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'It was started to combat racism': BodyBreak's Hal Johnson details struggles he faced getting on air

Last Updated Jun 17, 2020 at 1:03 am EDT

Hal Johnson is speaking out against racism. In a YouTube video posted June 15, the BodyBreak creator says his popular segment wasn't born out of fitness. (Courtesy YouTube)
Summary

BodyBreak's Hal Johnson is speaking out about racist incidents that led up to the creation of his popular TV segment


Johnson says contrary to what you might think, the creation of BodyBreak wasn't rooted in fitness


BodyBreak has received a number of responses from people of colour who say they 'saw themselves' in the series


VANCOUVER (NEWS 1130) – A long-time fixture of Canadian television is adding his voice to the ongoing conversation about systemic racism.

BodyBreak founder Hal Johnson says contrary to popular belief, the creation of his segment wasn’t rooted in fitness — it was started to combat racism.

“That was the number one reason that we started BodyBreak, Joanne and I,” he says in a YouTube video detailing incidents which led up to the founding of the show.

“We really don’t talk about it a lot and haven’t talked about it over the years,” Johnson tells NEWS 1130.

He says when he was just getting started in 1988, he experienced three instances of racism, two of which were at TSN.

Johnson says he was told the Canadian public just wasn’t ready to see a mixed-race couple on TV, and that if he did BodyBreak with a white man and not Joanne McLeod, who is his wife, they’d pick up the show.

That’s when he went to ParticipACTION, a national non-profit organization that promotes healthy living and physical fitness, and the rest is history.

“So, in our BodyBreak episodes you see so many people of different colours, ethnicities, disabled people, able-bodied as well as disabled people, and that wasn’t by accident,” he notes. “Right from the get go we wanted to show that. That we can all live, work, and play together. And hopefully Canadians have seen that.”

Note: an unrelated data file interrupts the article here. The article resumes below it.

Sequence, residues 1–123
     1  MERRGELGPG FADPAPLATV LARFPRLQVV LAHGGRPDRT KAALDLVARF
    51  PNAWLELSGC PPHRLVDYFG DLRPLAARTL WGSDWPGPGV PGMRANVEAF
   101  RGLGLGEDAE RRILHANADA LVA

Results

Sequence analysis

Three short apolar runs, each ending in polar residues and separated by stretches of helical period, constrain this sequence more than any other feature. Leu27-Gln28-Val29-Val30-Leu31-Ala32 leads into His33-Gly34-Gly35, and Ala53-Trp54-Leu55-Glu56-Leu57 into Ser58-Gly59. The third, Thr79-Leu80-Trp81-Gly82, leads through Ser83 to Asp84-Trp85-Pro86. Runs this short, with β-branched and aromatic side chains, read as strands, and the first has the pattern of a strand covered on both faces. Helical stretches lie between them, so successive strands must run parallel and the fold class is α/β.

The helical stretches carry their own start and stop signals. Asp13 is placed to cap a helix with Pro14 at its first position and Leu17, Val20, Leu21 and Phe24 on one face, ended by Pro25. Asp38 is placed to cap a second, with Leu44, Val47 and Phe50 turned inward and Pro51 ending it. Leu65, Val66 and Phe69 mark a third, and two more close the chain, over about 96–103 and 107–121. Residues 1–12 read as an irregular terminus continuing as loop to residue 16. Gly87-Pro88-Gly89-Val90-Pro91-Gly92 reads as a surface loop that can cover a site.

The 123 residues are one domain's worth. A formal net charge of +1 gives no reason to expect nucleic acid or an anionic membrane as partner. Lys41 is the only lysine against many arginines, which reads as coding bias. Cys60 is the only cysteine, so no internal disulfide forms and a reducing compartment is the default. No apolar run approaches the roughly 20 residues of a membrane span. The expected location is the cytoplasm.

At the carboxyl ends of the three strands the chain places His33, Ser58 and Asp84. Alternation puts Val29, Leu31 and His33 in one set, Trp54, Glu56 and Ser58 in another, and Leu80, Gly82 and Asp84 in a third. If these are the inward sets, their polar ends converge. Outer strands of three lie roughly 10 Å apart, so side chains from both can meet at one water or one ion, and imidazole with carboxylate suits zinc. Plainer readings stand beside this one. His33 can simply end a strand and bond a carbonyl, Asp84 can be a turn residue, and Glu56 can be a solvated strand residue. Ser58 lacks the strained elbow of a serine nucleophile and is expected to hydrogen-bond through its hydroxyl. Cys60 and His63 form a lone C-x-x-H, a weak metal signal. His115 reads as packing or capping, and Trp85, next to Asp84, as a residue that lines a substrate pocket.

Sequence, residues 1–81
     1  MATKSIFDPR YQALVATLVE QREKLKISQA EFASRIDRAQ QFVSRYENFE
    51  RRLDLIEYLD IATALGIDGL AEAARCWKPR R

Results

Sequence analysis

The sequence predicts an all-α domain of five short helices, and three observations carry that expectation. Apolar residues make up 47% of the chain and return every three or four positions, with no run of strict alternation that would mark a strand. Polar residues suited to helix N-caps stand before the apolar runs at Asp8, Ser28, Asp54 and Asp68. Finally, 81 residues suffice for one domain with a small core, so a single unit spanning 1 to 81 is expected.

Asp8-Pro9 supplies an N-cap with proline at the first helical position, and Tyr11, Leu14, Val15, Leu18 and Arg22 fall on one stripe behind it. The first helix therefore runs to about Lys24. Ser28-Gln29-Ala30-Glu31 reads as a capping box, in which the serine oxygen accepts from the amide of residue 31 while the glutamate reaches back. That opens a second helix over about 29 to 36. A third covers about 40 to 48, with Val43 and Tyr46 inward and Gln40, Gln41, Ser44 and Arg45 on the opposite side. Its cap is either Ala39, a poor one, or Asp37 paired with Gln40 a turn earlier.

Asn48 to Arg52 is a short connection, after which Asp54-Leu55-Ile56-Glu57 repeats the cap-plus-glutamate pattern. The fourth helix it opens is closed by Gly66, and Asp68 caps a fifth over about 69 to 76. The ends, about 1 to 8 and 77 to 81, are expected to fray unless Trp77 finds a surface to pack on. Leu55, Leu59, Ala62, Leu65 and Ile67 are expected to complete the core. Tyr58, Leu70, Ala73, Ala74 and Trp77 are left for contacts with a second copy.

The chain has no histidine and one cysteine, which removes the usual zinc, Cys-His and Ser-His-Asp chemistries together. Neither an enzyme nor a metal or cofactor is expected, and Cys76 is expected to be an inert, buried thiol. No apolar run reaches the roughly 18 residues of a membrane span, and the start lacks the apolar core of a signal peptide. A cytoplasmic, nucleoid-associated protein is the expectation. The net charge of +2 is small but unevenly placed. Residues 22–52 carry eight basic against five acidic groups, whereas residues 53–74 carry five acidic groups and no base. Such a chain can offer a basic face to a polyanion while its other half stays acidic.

BodyBreak has received a number of responses from people of colour who say they “saw themselves” in those segments at a time when they weren’t represented as much on television, he adds.

He’s also received positive feedback for his YouTube video. “I think there’s been a few thumbs down on YouTube, but I don’t really understand that,” he says, laughing. “But at least they’re watching — I look at it that way. At least they watched it and that’s OK because you don’t change minds overnight.”

Johnson notes that while racism is still prevalent, things have gotten better.

“And they’re a lot better today than they were 32 years ago. They’re a lot better for me than it was for my dad, who lives himself in Philadelphia and had a much, much tougher row with racism,” he recalls. “It was a piece of cake for me compared to my dad.”

He says he will continue to keep a positive attitude with the hopes of changing people’s minds.

“And the only way you can change the mind is you have to start with the heart.”

TSN issues apology

TSN has issued an apology to Johnson since his YouTube video calling out racism was released, calling it “a shameful part of our past.”

“We recognize that even 30 years later, there is still much work to do to improve our commitment to on-air and editorial diversity,” the statement reads, thanking Johnson for :sharing his story as a reminder of the impact of racism in Canadian media that continues today.

“As a first step, TSN is part of Bell Media’s recently announced content diversity task force, which as part of its mandate is committed to amplifying voices from BIPOC on-air talent.”